Montana Patent of the Month – April 2021

Rocket engines must carry all of their fuel as well as a source of oxygen to burn that fuel into space. They are designed so that the fuel and oxidizer are transported through a closed manifold system with only an exhaust opening. Mountain Aerospace Research Solutions, Inc. (MARS) have redesigned the rocket engine, creating an air-breathing rocket engine with zero moving parts.

The MARS design has a rocket with both ends open – yes, you read that right. One end is designed to suction air with incredible force, expelling a mixture of superheated air and propellant out the other end. The incredible suction force is created using the rocket’s own combustion pressures. Their design uses an hourglass-shaped outer shell and a funnel shaped front end. The funnel acts as an intake area with the center aperture in communication with the throat and exhaust areas. This entire design is made a single piece of material which means no moving parts. Moving parts traditionally increase the cost and risk associated with engine combustion. MARS uses fluid dynamics to create pressure differentials, creating a vacuum in the combustion chamber which expels fluid into the throat. A second vacuum is created where the funnel intake expels fluid into the throat. These vacuums are aligned along the front end of the throat. Propellant (fuel and oxidizer) are injected into the combustion chamber and expelled at a high velocity which then creates the vacuum. This vacuum pulls ambient fluid 9air) in through the center of the funnel, mixing with the combustion stream. Having the rocket motor ingest air removes the need for rockets to store their own oxidizers. The now freely available oxidizer makes it possible for a bigger payload to be sent to space or moved around on other planets.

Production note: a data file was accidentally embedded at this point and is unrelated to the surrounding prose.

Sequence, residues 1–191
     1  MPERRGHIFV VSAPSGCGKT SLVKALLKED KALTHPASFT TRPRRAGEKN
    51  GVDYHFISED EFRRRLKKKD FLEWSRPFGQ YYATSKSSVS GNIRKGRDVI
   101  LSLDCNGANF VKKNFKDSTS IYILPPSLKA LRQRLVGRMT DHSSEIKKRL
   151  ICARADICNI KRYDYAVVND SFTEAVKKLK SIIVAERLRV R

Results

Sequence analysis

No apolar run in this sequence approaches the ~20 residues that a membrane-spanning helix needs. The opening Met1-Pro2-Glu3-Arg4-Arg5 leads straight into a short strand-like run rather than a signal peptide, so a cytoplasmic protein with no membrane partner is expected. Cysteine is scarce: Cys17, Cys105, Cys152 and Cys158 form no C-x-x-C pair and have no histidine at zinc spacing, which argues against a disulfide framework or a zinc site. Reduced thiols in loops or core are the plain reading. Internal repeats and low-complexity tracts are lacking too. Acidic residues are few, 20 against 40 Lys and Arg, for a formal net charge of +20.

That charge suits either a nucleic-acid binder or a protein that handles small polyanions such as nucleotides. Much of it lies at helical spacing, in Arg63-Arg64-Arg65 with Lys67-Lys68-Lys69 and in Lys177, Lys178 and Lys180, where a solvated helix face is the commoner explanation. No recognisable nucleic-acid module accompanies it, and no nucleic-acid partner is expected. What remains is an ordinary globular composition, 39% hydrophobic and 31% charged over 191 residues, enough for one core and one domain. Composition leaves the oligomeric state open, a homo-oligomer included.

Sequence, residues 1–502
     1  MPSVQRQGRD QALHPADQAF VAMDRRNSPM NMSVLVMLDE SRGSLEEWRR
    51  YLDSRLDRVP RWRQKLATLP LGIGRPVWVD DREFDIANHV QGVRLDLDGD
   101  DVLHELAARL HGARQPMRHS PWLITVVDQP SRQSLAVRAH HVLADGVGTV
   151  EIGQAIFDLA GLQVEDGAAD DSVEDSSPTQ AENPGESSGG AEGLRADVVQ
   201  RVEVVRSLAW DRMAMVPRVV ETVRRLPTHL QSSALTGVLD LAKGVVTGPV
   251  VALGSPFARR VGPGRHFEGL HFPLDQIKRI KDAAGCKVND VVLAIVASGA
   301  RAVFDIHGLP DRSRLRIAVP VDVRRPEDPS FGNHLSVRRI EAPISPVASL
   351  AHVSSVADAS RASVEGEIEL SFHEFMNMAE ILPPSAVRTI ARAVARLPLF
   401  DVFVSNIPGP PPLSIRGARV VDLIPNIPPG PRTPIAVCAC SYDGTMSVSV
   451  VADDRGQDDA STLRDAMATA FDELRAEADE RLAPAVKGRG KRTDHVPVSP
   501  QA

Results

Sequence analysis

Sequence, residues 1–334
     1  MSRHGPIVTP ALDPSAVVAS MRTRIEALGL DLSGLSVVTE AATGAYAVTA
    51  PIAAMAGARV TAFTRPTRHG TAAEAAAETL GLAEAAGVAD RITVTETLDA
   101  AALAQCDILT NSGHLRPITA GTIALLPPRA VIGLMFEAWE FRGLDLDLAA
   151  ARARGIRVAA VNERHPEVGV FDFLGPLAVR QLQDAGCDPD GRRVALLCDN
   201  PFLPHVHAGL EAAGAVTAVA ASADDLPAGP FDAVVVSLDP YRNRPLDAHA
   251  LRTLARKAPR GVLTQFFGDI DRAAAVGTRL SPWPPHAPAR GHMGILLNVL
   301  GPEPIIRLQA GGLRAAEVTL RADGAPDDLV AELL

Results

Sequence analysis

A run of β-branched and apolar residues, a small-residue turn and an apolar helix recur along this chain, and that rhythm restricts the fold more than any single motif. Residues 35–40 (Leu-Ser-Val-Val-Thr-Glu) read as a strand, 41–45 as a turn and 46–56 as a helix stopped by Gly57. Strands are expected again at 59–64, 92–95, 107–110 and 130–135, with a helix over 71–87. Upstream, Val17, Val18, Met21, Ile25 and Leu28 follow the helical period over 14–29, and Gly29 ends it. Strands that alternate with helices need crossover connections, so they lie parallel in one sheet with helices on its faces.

Are you developing new technology for an existing application? Did you know your development work could be eligible for the R&D Tax Credit and you can receive up to 14% back on your expenses? Even if your development isn’t successful your work may still qualify for R&D credits (i.e. you don’t need to have a patent to qualify). To find out more, please contact a Swanson Reed R&D Specialist today or check out our free online eligibility test.

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